Paternal Lifelong Socioeconomic Position and Low Birth Weight Rates: Relevance to the African-American Women’s Birth Outcome Disadvantage
Objectives To determine the relation of paternal lifelong socioeconomic position (SEP) to the racial disparity in low birth weight (<2500 g, LBW) rates. Methods Stratified and multilevel logistic regression analyses were performed on an Illinois transgenerational dataset of infants (1989–1991) and their parents (1956–1976) with appended U.S. census income data. The neighborhood incomes of father’s place of residence at the time of his birth and at the time of his infant’s birth were used to measure of lifelong SEP. Population attributable risk (PAR) percentages were calculated to estimate the percentage of LBW infants attributable to paternal low SEP. Results In Cook County, infants (n = 10,168) born to fathers with a lifelong high SEP had a LBW rate of 3.7 %. LBW rates rose among infants born to fathers with early-life (n = 7224), adulthood (n = 2913), or lifelong (n = 7288) low SEP: 5.2, 6.9, and 9.3 %, respectively. The adjusted (controlling for maternal demographic characteristics) OR of LBW for fathers with an early-life, adulthood, or lifelong low (compared to lifelong high) SEP equaled 1.4 (1.2, 1.6), 1.5 (1.3, 1.9), and 2.0 (1.7, 2.3), respectively. The PAR percentages of LBW for paternal low SEP were 40 and 9 % among African-American and White mothers, respectively. Among fathers with a lifelong high SEP, the adjusted OR of LBW for African-American (compared to White) mothers was 1.1 (0.7, 1.7). Conclusions Low paternal SEP is a novel risk factor for infant LBW independent of maternal demographic characteristics. This phenomenon is particularly relevant to the African-American women’s birth outcome disadvantage.
KeywordsAfrican-American Low birth weight Paternal socioeconomic position Racial disparity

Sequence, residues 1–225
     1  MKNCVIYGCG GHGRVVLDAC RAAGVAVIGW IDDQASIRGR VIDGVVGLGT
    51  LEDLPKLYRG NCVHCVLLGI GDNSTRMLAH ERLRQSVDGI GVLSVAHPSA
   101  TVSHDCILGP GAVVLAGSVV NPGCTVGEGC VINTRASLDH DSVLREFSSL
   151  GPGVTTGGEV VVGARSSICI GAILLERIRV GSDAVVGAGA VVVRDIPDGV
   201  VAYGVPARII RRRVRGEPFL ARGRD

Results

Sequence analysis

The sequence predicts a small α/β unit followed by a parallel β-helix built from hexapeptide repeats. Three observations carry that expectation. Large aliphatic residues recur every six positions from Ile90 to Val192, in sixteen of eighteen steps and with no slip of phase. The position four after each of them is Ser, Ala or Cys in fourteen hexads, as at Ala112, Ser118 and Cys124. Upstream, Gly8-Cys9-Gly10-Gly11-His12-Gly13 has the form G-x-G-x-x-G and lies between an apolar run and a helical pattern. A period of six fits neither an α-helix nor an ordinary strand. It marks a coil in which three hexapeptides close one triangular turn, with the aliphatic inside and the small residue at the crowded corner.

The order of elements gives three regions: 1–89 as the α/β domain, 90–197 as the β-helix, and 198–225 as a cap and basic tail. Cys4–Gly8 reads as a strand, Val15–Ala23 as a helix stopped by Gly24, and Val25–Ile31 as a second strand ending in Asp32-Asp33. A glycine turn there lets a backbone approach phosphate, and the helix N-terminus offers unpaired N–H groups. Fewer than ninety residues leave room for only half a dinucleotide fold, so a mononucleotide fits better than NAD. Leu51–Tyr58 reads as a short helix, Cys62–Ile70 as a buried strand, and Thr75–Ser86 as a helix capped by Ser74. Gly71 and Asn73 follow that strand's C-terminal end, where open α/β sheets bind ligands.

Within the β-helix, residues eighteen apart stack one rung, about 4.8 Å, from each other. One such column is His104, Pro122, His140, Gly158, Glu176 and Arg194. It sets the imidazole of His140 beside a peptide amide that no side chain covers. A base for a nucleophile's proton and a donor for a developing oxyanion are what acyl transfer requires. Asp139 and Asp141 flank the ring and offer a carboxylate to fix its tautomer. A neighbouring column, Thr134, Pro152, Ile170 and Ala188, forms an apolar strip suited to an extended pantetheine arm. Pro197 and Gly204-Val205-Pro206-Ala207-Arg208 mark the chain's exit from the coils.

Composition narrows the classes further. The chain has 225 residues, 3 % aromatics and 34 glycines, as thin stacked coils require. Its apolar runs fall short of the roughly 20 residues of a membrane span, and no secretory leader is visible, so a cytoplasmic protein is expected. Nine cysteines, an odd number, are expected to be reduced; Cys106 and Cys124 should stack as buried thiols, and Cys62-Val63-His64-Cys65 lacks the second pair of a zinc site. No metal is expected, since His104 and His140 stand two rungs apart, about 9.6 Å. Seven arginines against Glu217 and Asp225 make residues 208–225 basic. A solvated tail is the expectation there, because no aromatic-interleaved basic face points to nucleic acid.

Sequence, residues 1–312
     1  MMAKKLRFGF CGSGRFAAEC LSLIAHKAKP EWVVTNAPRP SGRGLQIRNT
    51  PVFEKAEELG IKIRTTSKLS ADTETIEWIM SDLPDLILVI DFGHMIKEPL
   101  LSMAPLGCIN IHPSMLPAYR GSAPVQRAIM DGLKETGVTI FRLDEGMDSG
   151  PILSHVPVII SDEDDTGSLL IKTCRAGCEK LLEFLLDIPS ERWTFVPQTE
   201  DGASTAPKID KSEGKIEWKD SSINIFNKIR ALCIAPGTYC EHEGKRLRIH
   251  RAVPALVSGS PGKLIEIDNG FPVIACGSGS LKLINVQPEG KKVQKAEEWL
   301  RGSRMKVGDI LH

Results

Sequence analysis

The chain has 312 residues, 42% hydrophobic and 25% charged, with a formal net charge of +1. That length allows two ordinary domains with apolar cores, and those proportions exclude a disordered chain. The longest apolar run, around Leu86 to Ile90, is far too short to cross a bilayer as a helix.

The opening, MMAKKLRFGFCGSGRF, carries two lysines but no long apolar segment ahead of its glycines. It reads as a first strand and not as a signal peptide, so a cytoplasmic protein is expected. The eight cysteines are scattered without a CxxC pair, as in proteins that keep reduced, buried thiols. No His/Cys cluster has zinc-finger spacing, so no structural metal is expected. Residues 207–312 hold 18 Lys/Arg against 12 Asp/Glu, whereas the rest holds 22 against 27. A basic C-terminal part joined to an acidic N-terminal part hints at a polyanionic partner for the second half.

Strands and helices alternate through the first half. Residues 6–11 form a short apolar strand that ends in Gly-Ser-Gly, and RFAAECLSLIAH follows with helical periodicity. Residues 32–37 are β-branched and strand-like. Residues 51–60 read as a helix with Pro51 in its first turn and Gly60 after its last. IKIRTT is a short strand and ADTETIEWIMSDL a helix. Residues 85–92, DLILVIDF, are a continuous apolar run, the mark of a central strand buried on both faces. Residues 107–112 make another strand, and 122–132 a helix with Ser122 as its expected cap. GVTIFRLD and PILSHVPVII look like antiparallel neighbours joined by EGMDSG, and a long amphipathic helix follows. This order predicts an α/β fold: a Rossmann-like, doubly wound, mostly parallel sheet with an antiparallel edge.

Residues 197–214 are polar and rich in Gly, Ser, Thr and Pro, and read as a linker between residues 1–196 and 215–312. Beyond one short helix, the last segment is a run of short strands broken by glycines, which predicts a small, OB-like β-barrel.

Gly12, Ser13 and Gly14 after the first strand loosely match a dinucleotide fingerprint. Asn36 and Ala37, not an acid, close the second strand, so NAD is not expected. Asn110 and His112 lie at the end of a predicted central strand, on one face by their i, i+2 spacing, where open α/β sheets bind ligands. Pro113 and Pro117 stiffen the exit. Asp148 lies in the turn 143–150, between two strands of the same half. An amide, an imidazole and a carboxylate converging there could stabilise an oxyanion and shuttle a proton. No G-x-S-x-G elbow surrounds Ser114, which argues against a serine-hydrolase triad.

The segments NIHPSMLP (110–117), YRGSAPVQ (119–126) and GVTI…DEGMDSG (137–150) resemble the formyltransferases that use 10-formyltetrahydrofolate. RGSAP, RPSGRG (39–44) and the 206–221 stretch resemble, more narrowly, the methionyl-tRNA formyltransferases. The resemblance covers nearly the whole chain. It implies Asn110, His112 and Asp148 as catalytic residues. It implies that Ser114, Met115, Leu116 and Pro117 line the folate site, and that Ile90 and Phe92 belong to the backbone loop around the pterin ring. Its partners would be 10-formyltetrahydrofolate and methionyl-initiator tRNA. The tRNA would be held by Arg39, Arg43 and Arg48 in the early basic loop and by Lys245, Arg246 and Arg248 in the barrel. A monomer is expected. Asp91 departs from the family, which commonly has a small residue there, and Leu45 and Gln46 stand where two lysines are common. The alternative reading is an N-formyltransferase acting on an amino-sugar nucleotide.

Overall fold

- 1.MacDorman, M. F., Mathews, T. J., Mohangoo, A. D., & Zeitlin, J. (2014). International comparisons of infant mortality and related factors: United States and Europe, 2010. National vital statistics reports (Vol 63, no. 5). Hyattsville, MD: National Center for Health Statistics. 2014.Google Scholar
- 2.Kochanek, K. D, Murphy, S. L, Xu, J. Q, & Arias E. (2014). Mortality in the United States, 2013. NCHS data brief, no 178. Hyattsville, MD: National Center for Health Statistics.Google Scholar
- 3.www.healthypeople.gov/2020/topics-objectives/topic/maternal-infant-and-child-health/objectives. Accessed April 14, 2015,
- 11.Shah, P., & On behalf of the Knowledge Synthesis, Group on determinants of prematurity/low birth weight births. (2010). Paternal factors and low birth weight, preterm, and small for gestational age births: A systematic review. American Journal of Obstetrics and Gynecology, 202, 103.CrossRefPubMedGoogle Scholar
- 14.Chaplin, D., & Klasik, D. (2006). Gender gaps in college and high school graduation by race, combining public and private schools: The Urban Institute/Mathmatica Policy Research. Fayetteville, AR. Department of Education Reform, University of Arkansas.Google Scholar
- 15.www.census.gov/prod/99pubs/99statab/sec04.pdf. Accessed January 16, 2016.
- 16.Mincy, R. (2006). Black males left behind. Washington, DC: The Urban Institute Press.Google Scholar
- 17.Jewel, K. S. (2003). The survival African-American family: The institutional impact of U.S. social policy. Connecticut: Praeger.Google Scholar
- 18.Maurer, M., & King, R. (2007). Uneven justice: States rates of incarceration by race and ethnicity. Research and advocacy for reform. Washington, DC: The Sentencing Project.Google Scholar
- 20.SAS Institute Inc. (2000). SAS 9.1.3 SAS/STAT. Cary, NC: SAS Institute Inc.Google Scholar
- 21.Rothman, K., & Greenland, S. (1998). Modern epidemiology. New York, NY: Lipponcott, Williams and Wilkins.Google Scholar
- 22.Snijders, T. A. B., & Bosker, R. J. (1999). Multilevel analysis: An introduction to basic and advanced multilevel modeling. Thousand Oaks, CA: Sage.Google Scholar
- 23.West, J., Lawlor, D. A., Farily, L., & Wright, J. (2014). Differences in socioeconomic position, lifestyle and health-related pregnancy characteristics between Pakistani and White British women in the Born in Bradford prospective cohort study: The influence of the woman’s, her partner’s and their parents’ place of birth. BMJ Open, 4, e004805. doi: 10.1136/bmjopen-2014-004805.CrossRefPubMedPubMedCentralGoogle Scholar